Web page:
The Bee-Man of Orn and Other Fanciful Tales HTML version

The Bee-Man Of Orn
In the ancient country of Orn, there lived an old man who was called the Bee-man,
because his whole time was spent in the company of bees. He lived in a small hut, which
was nothing more than an immense bee-hive, for these little creatures had built their
honeycombs in every corner of the one room it contained, on the shelves, under the little
table, all about the rough bench on which the old man sat, and even about the head-board
and along the sides of his low bed. All day the air of the room was thick with buzzing
insects, but this did not interfere in any way with the old Bee-man, who walked in among
them, ate his meals, and went to sleep, without the slightest fear of being stung. He had
lived with the bees so long, they had become so accustomed to him, and his skin was so
tough and hard, that the bees no more thought of stinging him than they would of stinging
a tree or a stone. A swarm of bees had made their hive in a pocket of his old leathern
doublet; and when he put on this coat to take one of his long walks in the forest in search
of wild bees' nests, he was very glad to have this hive with him, for, if he did not find any
wild honey, he would put his hand in his pocket and take out a piece of a comb for a
luncheon. The bees in his pocket worked very industriously, and he was always certain of
having something to eat with him wherever he went. He lived principally upon honey;
and when he needed bread or meat, he carried some fine combs to a village not far away
and bartered them for other food. He was ugly, untidy, shrivelled, and brown. He was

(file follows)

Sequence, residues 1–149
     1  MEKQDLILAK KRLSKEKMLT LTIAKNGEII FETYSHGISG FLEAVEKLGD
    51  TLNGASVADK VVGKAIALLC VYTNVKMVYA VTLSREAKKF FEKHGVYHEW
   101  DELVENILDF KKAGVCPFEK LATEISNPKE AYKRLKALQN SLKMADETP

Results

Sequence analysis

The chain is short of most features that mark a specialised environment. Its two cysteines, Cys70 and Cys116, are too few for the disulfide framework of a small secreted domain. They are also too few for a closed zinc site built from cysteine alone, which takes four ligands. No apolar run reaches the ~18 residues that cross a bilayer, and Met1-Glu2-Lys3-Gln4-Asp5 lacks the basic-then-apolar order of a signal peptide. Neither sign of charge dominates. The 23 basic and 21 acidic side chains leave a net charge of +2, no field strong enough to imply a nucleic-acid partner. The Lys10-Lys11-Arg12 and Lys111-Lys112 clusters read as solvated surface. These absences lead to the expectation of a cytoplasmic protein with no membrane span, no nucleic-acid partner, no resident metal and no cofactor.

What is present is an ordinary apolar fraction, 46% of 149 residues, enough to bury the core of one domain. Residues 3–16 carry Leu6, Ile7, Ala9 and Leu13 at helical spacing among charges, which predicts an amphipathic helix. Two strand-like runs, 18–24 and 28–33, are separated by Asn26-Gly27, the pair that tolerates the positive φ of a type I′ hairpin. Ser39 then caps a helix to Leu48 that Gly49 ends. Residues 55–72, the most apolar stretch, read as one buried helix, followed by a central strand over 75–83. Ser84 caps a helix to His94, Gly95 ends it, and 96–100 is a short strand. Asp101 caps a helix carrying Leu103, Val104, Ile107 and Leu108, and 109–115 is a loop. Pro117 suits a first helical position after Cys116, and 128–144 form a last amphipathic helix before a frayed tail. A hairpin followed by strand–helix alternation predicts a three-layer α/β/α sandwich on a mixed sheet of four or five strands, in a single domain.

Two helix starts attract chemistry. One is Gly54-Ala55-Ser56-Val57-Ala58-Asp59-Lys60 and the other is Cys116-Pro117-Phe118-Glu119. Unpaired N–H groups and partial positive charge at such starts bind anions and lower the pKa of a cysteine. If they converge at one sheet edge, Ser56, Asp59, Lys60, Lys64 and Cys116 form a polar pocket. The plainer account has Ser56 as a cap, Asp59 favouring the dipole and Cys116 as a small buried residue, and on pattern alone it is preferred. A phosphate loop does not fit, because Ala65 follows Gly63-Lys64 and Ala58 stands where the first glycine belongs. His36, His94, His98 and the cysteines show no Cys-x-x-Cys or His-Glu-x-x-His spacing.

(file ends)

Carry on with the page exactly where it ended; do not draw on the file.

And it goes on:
poor, and the bees seemed to be his only friends. But, for all that, he was happy and
contented; he had all the honey he wanted, and his bees, whom he considered the best
company in the world, were as friendly and sociable as they could be, and seemed to
increase in number every day.
One day, there stopped at the hut of the Bee-man a Junior Sorcerer. This young person,
who was a student of magic, necromancy, and the kindred arts, was much interested in
the Bee-man, whom he had frequently noticed in his wanderings, and he considered him
an admirable subject for study. He had got a great deal of useful practice by endeavoring
to find out, by the various rules and laws of sorcery, exactly why the old Bee-man did not
happen to be something that he was not, and why he was what he happened to be. He had
studied a long time at this matter, and had found out something.
"Do you know," he said, when the Bee-man came out of his hut, "that you have been
"What do you mean by that?" said the other, much surprised.
"You have surely heard of animals and human beings who have been magically
transformed into different kinds of creatures?"
"Yes, I have heard of these things," said the Bee-man; "but what have I been transformed